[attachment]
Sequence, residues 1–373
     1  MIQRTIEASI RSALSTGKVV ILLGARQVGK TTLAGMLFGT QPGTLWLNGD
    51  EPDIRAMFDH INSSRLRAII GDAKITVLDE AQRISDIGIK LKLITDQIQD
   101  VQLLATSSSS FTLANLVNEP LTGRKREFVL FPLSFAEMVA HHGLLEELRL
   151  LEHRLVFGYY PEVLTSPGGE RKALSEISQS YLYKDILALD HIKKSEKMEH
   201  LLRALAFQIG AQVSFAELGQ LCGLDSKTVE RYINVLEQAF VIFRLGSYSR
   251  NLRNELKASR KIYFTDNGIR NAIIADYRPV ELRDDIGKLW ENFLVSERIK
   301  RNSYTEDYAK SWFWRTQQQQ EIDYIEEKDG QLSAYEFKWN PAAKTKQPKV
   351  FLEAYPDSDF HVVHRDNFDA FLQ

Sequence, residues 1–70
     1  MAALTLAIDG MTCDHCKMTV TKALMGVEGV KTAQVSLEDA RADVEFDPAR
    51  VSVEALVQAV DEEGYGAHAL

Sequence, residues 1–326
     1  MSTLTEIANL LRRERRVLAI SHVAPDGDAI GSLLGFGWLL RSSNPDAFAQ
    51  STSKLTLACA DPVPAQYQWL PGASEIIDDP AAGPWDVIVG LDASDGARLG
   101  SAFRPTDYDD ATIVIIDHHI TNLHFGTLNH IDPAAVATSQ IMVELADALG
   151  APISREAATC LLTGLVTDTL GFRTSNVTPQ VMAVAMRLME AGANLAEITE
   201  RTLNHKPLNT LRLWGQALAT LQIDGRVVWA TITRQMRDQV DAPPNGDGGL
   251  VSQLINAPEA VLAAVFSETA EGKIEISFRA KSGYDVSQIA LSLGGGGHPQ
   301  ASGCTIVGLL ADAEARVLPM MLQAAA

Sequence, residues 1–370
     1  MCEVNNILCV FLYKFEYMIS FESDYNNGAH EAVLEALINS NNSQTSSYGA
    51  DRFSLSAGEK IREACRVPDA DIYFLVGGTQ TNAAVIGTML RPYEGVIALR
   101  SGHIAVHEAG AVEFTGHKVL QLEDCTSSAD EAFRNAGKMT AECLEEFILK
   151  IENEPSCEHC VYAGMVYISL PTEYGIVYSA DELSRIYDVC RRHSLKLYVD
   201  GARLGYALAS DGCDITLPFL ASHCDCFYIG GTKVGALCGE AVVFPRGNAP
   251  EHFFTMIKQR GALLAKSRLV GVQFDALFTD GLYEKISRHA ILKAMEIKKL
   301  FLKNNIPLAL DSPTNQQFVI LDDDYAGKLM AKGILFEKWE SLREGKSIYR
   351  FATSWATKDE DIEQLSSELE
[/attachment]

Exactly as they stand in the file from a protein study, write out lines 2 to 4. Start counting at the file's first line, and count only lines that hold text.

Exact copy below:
     1  MIQRTIEASI RSALSTGKVV ILLGARQVGK TTLAGMLFGT QPGTLWLNGD
    51  EPDIRAMFDH INSSRLRAII GDAKITVLDE AQRISDIGIK LKLITDQIQD
   101  VQLLATSSSS FTLANLVNEP LTGRKREFVL FPLSFAEMVA HHGLLEELRL